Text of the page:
5. %19 – Average percentage pay increase since 2013.That is the most recycled, spun statement used by West Jones Street concerning public education in the last five years. And it barely has validity. Why? Because this fastest growing teacher income designation is only true when it pertains to “average.” It does not mean “actual.” Again, those raises Berger refers to were funded in part by eliminating teachers’ longevity pay. Like an annual bonus, all state employees receive it—except, now, for teachers—as a reward for continued service. Yet the budget he mentions simply rolled that longevity money into teachers’ salaries and labeled it as a raise.
  6. $237,200 – Increase in lifetime earning potential of a North Carolina teacher since 2013. Misleading. First, the $54,000 salary cap is designed to make sure that veteran teachers do not stay in the profession. Secondly, this projection is not taking into account that the current retirement system may change. Look at all of the changes that have occurred in only the last six years. Imagine what might be planned for the next thirty. Oh, no longevity pay. If Berger wants to make that claim, then he needs to explain this as well:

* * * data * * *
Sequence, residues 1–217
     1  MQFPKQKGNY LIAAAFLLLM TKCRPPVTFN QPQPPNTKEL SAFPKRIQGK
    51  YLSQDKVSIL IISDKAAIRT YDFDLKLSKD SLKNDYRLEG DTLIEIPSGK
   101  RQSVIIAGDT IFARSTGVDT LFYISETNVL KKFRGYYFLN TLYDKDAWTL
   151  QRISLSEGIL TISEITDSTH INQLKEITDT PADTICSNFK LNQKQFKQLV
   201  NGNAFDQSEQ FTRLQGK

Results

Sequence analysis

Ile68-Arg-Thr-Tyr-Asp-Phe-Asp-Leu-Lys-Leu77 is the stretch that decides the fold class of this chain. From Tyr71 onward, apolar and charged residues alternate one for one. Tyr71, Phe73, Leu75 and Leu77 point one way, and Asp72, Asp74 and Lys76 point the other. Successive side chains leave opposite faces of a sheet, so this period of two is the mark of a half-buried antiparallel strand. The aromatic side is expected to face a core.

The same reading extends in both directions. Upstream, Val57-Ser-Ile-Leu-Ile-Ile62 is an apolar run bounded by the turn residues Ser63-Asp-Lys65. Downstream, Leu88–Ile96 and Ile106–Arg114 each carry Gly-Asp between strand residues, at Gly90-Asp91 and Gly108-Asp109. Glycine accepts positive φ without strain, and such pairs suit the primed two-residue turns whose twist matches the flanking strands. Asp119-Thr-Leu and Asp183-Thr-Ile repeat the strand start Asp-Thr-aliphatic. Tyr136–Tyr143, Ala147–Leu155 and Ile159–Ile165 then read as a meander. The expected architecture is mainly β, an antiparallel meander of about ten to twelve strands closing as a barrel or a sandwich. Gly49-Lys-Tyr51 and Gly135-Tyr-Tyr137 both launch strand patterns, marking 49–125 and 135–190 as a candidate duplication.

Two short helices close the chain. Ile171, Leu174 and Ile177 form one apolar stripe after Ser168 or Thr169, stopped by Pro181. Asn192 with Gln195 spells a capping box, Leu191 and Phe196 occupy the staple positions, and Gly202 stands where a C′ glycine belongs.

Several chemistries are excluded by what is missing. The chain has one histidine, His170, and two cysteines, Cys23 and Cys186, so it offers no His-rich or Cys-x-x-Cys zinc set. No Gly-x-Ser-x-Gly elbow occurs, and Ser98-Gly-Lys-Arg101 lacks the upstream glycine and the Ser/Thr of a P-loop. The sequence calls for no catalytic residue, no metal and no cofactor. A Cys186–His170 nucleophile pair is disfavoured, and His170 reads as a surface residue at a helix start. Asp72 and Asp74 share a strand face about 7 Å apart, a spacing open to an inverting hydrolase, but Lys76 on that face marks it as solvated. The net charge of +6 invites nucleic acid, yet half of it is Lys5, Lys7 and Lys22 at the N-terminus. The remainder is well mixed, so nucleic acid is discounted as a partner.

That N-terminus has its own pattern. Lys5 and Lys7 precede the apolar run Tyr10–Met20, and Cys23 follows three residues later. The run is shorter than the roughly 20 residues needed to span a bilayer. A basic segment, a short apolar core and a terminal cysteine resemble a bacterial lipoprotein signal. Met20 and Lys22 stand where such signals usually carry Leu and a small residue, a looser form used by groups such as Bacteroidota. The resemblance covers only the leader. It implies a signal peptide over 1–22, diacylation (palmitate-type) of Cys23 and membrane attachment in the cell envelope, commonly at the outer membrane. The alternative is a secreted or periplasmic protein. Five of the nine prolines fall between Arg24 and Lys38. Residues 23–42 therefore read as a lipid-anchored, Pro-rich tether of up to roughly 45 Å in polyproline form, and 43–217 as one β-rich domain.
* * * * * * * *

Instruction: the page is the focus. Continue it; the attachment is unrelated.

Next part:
7. #2 – Ranked Teacher Pay in the Southeast. Again, that’s skewed, especially since the new salary schedule is really comparing base pay for teachers who only have a Bachelor’s degree. Other states in the Southeast give graduate pay increases. In fact, there are some states in the country that have requirements that teachers have Masters Degrees. Maybe looking at the average teacher pay for those who have a Master’s Degree in the Southeast would be interesting to see.teacherpay5
    Now consider that North Carolina will not have this level of pay because there no longer is advanced degree pay for teachers hired after 2014. That might change that ranking.
  8. % 9.5 – Percentage pay increase that Governor Cooper vetoed. Actually, Gov. Cooper vetoed the entire budget in 2018, probably because lawmakers in power refused to listen to debate and hear amendments and passed the budget through a “nuclear” option. Cooper’s plan called for raises to be more evenly distributed across experience levels. In 2019, Berger and his cronies have refused to pass Medicaid expansion even though it is highly favored in this state.

There’s also a graphic with links about how past budgets have raised teacher pay.


Remember, that’s an “average” teacher raise heavily given to the lower rungs of the salary schedule. Even Tim Moore said it.

Moore said that previous pay plans focused on teachers earlier in their careers because lawmakers were hearing from the state Department of Public Instruction that those were the ones most likely to leave their jobs. Now, things have changed, he said.

“Now we want to go back and do more for our veteran teachers,” said Moore. 

What change was he referring to? Veterans leaving the profession at a higher rate? Makes one wonder why.

A success story? Not really. It’s legisplaining in eduspeak.

Listen to teachers. They know what is really happening.